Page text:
#   -*- perl -*-
#
#
#   PlRPC - Perl RPC, package for writing simple, RPC like clients and
#       servers
#
#
#   Copyright (c) 1997,1998  Jochen Wiedmann
#
#   You may distribute under the terms of either the GNU General Public
#   License or the Artistic License, as specified in the Perl README file.
#
#   Author: Jochen Wiedmann
#           Email: jochen.wiedmann at freenet.de
#
#

use strict;

require Net::Daemon;
require RPC::PlServer::Comm;


package RPC::PlServer;

@RPC::PlServer::ISA = qw(Net::Daemon);
$RPC::PlServer::VERSION = '0.2020';


############################################################################
#
#   Name:    Version (Class method)
#
#   Purpose: Returns version string
#
#   Inputs:  $class - This class
#
#   Result:  Version string; suitable for printed by "--version"
#
############################################################################

sub Version ($) {
    "RPC::PlServer application, Copyright (C) 1997, 1998, Jochen Wiedmann";
}


############################################################################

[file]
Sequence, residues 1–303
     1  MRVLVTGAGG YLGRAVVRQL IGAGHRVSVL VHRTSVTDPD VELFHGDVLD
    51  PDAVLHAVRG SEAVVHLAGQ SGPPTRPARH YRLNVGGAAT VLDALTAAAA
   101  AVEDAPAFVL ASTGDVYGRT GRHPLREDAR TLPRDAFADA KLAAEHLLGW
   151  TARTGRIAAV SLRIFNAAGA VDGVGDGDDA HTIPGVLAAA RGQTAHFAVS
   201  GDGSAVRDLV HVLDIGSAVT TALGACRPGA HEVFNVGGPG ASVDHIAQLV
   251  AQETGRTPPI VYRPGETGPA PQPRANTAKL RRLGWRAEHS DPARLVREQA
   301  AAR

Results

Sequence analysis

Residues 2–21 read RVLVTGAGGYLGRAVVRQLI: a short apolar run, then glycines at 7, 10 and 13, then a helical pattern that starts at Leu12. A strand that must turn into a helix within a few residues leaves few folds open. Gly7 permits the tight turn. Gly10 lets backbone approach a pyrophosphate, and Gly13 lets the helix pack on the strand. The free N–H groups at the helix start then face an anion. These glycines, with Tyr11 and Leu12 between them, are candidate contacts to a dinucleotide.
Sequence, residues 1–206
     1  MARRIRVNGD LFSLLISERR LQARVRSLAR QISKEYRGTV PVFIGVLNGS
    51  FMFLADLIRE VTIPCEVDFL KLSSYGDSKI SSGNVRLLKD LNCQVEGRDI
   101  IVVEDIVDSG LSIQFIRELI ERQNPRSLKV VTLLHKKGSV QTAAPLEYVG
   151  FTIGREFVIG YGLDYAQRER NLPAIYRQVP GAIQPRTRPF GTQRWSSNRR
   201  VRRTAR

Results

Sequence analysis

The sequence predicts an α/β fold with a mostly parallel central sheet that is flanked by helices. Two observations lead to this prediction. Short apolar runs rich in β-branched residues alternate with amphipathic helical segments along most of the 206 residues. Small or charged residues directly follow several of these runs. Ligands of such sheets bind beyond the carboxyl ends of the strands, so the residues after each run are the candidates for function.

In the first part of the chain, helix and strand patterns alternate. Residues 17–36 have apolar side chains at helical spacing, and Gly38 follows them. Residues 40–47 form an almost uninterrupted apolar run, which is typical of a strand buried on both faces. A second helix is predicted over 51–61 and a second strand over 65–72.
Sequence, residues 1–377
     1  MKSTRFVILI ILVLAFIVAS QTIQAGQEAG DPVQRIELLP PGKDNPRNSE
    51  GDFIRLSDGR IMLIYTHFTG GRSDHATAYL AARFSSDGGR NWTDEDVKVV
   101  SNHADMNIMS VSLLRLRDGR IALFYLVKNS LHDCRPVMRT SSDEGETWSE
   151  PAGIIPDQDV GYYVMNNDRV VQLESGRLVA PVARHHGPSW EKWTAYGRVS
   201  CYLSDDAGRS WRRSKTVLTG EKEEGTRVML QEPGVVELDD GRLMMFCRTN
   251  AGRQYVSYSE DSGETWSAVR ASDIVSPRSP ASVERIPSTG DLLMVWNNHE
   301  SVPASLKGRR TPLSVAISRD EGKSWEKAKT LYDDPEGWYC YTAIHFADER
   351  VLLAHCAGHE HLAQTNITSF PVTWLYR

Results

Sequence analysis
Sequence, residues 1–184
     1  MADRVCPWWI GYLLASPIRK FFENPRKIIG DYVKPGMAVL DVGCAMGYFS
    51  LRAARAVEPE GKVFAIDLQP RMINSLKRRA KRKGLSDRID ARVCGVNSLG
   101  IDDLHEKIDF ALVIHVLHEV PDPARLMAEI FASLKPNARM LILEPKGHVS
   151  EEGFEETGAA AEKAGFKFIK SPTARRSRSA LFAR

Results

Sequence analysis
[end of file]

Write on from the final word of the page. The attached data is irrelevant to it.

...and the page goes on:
#
#   Name:    Options (Class method)
#
#   Purpose: Returns a hash ref of command line options
#
#   Inputs:  $class - This class
#
#   Result:  Options array; any option is represented by a hash ref;
#            used keys are 'template', a string suitable for describing
#            the option to Getopt::Long::GetOptions and 'description',
#            a string for the Usage message
#
############################################################################

sub Options ($) {
    my $options = shift->SUPER::Options();
    $options->{'maxmessage'} =
	{ 'template' => 'maxmessage=i',
	  'description' =>  '--maxmessage <size>           '
	  . 'Set max message size to <size> (Default 65535).'
	};
    $options->{'compression'} =
	{ 'template' => 'compression=s',
	  'description' =>  '--compression <type>           '
	  . 'Set compression type to off (default) or gzip.'
	};
    $options;
}


############################################################################
#
#   Name:    AcceptApplication, AcceptVersion, AcceptUser
#            (Instance methods)
#